Hackers are Hiding Malware in Fake Steam Pages - BestCyberNews: Online News Presenter in the present world

BestCyberNews: Online News Presenter in the present world

Start knowing

test banner

Breaking

Hackers are Hiding Malware in Fake Steam Pages

Hackers are created fake pages in downloadable games on Steam in a bid to install malware on unsuspecting gamers computers.

You might think you've found a cool-looking new game on Steam, but it could be computer-infesting malware in disguise. Scammers are imitating entire game pages now.

The developers of indie titles Octopus City Blues and Street Fist 2 have both reported fake pages masquerading as the official store page for their game, hidden in the Concepts section of Steam. 

After eight days, valve has finally taken the offending links offline, but it's something to be aware of when browsing Steam Greenlight. One such fake page was disguised as the game ‘Octopus City Blues’ from the indie studio Ghost in a Bottle.
A number of fake game listings were discovered this past weekend in the ‘Concepts’ section of Steam, posing as genuine games but, when clicked, linking the victim to a malware-infested download site. 

The game pages were made to look convincing and authentic, complete with official names, trailers, screenshots and descriptions.

Catalin Cosoi, chief security strategist at Bitdefender, said that one way of avoiding such incidents would be to have some sort of screening program that validates whether or not third party content is actually benign.  

“One way of approaching this would be to scrutinise embedded URLs and make sure they don't point to a known malware-disseminating website. There are various ways this can be achieved and it would minimise the risk of possible infections. Think of it as a forum moderator that validates whether or not shared links are legit or not,” he said.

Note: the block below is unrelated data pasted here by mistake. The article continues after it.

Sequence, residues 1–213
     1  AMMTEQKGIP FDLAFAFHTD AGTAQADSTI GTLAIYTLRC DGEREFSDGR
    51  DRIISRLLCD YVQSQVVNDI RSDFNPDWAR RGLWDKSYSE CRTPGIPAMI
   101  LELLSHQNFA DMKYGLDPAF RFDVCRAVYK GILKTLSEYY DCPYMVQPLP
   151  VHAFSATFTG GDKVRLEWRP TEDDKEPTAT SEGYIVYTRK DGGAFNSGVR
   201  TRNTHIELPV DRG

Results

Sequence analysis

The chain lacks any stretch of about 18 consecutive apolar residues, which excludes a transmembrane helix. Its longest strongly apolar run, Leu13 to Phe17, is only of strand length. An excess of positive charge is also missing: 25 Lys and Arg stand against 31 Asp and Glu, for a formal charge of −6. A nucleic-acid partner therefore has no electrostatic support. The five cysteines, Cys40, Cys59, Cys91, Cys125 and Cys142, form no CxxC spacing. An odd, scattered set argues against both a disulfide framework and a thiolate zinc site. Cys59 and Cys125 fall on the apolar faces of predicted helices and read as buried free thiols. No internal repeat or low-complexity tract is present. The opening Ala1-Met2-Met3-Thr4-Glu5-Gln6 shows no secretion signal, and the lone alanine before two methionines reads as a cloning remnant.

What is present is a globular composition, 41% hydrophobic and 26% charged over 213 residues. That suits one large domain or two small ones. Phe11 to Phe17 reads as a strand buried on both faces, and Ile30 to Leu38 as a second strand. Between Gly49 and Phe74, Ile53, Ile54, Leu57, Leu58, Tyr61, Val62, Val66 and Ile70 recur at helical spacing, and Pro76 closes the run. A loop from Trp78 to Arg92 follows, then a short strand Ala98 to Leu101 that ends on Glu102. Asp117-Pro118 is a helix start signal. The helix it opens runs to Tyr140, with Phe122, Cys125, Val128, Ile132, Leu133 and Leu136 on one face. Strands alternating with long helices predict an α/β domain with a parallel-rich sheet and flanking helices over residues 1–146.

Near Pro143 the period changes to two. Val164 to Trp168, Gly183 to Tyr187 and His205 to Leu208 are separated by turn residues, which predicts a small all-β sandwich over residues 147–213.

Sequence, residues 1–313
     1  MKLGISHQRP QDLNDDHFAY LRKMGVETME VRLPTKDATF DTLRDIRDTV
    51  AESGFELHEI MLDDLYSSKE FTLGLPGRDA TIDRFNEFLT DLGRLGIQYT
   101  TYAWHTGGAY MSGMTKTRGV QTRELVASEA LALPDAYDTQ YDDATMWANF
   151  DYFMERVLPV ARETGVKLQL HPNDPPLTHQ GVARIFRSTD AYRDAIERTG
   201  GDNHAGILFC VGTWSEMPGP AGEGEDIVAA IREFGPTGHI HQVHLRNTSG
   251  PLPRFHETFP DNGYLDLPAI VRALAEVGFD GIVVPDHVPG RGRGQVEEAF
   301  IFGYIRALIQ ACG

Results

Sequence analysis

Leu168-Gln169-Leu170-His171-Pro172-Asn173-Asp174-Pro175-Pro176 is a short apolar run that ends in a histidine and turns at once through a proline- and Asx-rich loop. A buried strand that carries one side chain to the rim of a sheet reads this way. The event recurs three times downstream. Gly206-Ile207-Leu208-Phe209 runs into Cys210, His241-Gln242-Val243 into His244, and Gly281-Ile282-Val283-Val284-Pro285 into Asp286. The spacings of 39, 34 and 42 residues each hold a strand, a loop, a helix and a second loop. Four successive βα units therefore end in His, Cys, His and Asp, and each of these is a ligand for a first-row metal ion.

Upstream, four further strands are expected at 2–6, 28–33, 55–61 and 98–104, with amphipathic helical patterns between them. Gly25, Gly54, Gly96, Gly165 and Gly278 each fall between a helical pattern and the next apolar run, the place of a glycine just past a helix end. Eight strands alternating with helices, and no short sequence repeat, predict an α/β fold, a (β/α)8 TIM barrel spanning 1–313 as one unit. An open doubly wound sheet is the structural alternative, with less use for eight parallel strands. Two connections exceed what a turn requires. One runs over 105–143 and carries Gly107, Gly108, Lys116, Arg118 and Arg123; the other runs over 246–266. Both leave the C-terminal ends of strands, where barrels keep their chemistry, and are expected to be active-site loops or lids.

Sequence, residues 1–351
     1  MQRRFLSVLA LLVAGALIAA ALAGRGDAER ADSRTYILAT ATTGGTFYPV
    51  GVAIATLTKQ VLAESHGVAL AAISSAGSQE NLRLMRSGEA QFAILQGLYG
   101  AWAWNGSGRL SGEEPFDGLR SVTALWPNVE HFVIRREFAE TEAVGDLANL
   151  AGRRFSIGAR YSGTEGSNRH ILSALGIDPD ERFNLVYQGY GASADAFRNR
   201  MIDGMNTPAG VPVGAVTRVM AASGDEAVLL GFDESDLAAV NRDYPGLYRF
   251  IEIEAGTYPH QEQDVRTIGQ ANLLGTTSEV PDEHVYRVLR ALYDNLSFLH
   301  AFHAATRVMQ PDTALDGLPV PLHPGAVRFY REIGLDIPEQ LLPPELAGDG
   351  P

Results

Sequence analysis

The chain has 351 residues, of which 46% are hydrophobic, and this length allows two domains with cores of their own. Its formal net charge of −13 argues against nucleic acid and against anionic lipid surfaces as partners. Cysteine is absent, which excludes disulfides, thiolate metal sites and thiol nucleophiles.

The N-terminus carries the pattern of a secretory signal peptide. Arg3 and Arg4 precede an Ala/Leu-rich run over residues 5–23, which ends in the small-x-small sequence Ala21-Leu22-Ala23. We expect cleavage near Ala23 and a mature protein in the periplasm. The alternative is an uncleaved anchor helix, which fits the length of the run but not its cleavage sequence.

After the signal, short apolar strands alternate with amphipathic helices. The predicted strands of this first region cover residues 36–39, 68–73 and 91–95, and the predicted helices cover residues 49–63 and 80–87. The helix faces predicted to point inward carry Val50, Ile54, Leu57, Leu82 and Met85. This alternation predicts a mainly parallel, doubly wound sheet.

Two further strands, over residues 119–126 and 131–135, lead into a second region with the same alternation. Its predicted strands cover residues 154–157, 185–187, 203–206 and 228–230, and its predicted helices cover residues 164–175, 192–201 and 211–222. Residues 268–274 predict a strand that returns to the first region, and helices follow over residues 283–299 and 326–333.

Cosoi said that Steam has now realised that the gaming community could inadvertently be exposed to malware when reading their forums or its Concept section. “Steps to prevent this are probably being implemented as we speak. Users have probably learned that only games and files that are downloaded via Steam's official servers are to be trusted. One could argue that users are responsible for everything they download outside Steam's marketplace,” he said.

Online gaming continues to be a prime target for cyber-criminals, as Steam users were also targeted recently with a phishing scam spread via the service’s Marketplace. Gamers are advised to be extra careful when playing online.





Author Venkatesh Yalagandula Follow us Google + and Facebook and Twitter